The Old Country

I don’t know why I’m writing this.  Wait a minute.  Yes I do.  I’m writing this because right now I can’t be anything more or less than I am.  I don’t feel like making something up, and pretending nothing happened.  This is not fiction.  Although I wish it was.

I am an American.  Usually I don’t like to bring that fact into a conversation.  I don’t know why.  But there it is.  I am an American.  And a New Yorker.  I am from New York.  I am an American.  I am a New Yorker.  That’s why I cannot, this time, make anything up.

I used to choose not to say the pledge in school.  This past week, I’ve said it twice.  In front of my television set.

I’m writing this because like every other American kid, I went to the World Trade Center on a school fieldtrip.  In the sixth grade.  And then again to show some tourists around, the only other time natives line up to see their own landmarks.  It was a must-see.  For tourists.  I am not a tourist.  We thought it would always be there.  It wasn’t like some bastard was goint to crash into it or anything.  Well.

I’m writing this because I love that skyline.  The best view in the entire world.  I’ve seen it how it’s meant to be hundreds of times.  And not just on a postcard.  The Towers weren’t just part of a beautiful view.  They were a livelihood for thousands of people.  People that can never go home again.  Times like this, I want to go home.

I’m writing this because I don’t know what else to do.

The streets are supposed to smell of pretzels and roasted almonds, not flesh.  Those people were supposed to go home.  Landed and had airport moments with their families, or gotten in their cars after another day at work.  But they can’t go home.

I’m writing this because everything else seems so small; like the view from a plan window 20 thousand feet in the air.


From my journal, written in the week that followed September 11th, 2001.


12 thoughts on “The Old Country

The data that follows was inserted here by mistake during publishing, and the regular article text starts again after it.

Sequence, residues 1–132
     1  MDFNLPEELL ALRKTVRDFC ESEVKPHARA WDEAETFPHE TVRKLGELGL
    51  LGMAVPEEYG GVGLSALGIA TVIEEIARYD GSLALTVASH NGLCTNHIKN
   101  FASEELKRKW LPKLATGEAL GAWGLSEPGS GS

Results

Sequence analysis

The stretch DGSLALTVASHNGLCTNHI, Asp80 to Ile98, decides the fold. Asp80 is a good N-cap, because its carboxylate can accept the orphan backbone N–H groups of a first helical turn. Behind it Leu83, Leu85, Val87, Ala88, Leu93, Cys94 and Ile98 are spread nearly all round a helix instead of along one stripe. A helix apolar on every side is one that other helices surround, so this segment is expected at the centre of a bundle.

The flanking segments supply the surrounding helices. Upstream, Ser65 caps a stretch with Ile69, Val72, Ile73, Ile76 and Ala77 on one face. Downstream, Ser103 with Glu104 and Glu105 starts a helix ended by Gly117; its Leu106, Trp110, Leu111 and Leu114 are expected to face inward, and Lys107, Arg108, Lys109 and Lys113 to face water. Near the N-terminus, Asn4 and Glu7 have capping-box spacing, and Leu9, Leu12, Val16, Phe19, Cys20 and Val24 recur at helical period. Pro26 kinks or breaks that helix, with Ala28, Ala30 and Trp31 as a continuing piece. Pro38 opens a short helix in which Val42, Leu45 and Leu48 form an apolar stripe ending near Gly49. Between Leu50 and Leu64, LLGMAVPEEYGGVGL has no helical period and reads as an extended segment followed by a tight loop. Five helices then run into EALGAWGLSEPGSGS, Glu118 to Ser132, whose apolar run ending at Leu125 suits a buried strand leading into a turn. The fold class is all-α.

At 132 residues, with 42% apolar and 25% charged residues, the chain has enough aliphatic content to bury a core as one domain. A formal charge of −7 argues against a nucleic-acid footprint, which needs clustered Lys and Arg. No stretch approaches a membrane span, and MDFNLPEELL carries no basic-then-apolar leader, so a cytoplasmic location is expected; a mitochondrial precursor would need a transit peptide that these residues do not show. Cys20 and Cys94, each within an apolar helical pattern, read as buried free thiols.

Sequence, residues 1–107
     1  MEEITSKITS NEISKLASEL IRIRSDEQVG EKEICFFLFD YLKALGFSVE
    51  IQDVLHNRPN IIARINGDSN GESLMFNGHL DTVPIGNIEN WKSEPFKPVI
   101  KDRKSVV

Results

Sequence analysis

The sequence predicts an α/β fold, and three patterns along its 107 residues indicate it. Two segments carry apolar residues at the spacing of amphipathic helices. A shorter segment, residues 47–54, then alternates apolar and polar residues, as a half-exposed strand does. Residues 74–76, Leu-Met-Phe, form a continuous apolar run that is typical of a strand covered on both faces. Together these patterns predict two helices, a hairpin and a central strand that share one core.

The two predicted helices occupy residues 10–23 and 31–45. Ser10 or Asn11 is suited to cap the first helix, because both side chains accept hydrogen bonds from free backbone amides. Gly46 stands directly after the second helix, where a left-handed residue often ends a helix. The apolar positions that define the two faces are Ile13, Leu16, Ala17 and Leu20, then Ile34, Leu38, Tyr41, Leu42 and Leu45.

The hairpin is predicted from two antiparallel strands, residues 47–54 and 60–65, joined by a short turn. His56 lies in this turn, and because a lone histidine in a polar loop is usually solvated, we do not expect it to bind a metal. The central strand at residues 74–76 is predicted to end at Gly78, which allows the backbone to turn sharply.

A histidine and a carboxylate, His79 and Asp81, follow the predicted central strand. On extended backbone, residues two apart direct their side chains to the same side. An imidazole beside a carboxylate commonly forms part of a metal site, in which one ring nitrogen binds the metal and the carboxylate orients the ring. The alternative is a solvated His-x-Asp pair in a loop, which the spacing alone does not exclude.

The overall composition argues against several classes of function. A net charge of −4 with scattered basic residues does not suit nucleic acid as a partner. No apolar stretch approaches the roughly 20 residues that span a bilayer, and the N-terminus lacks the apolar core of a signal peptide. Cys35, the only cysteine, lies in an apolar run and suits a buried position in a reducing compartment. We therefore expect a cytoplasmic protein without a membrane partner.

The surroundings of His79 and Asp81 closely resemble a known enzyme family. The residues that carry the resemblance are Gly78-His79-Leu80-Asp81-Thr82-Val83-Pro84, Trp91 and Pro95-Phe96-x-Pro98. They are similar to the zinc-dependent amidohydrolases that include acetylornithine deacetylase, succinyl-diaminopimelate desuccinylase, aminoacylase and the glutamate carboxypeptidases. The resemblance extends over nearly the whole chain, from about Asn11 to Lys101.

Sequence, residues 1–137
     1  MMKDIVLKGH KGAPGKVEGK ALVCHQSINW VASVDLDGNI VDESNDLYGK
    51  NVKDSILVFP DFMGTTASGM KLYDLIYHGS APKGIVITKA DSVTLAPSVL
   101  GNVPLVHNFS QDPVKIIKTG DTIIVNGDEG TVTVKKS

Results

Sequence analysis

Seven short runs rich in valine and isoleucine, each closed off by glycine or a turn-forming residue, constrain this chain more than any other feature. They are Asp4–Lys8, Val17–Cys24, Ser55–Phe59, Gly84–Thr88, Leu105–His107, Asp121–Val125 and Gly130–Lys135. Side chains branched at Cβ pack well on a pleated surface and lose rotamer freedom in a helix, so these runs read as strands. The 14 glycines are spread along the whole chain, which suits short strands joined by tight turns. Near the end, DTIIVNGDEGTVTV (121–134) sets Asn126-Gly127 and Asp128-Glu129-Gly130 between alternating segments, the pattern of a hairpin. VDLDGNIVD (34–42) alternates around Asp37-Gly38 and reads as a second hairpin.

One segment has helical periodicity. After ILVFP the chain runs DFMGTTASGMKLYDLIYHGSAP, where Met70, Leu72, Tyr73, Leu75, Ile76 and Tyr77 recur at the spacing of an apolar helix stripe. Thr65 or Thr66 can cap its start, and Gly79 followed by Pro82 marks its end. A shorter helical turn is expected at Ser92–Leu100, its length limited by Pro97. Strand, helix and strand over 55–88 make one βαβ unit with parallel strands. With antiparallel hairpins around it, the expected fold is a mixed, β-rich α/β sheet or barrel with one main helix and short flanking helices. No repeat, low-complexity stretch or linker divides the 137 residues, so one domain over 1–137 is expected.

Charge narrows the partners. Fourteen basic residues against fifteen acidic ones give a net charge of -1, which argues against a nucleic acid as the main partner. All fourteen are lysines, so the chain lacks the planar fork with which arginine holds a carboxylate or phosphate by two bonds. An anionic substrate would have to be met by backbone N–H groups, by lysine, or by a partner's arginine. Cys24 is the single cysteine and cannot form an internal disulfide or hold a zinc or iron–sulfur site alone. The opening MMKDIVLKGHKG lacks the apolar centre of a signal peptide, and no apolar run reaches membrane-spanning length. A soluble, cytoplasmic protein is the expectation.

1. Thank you, Lorna for posting this again today.

    I have struggled all week to decide how to mark the day. Not speaking, but ever thinking of the elephant in the American room of my soul. Trying to draw the line, to move forward unburdened by the grief of the day – without amassing further opressive guilt for trying not so much to forget the day – but for wishing to move forward without the raw pain of still fresh mourning.

    So much of the World has changed in the last 10 years. So much of our world has changed too, sweet child of mine. Yet, you remain the everlasting constant of all my joy and solace; all my love, my peace, my laughter…

    I love you, Lorna.

  2. Hi I am checking in from SITS… I taught my 2 1/2 old to say I pledge allegiance…. and recite with her many times during this month this post says a lot what I want to say… I participated in a flag ceremony where my son took part in it… I was a teacher in the greater Washington area I had a kid in my class who’s dad worked at the pentagon I remember talking mom during early dismissal to this day because I was horrified…

  3. Excellent post!

    I doubt that many were left without feeling some element of pain on 9/11 but those of us here in New York, well, it’s still like a dagger, permanently embedded in our hearts.

    Came to visit from FTLOB and this post immediately caught my eye; well done!

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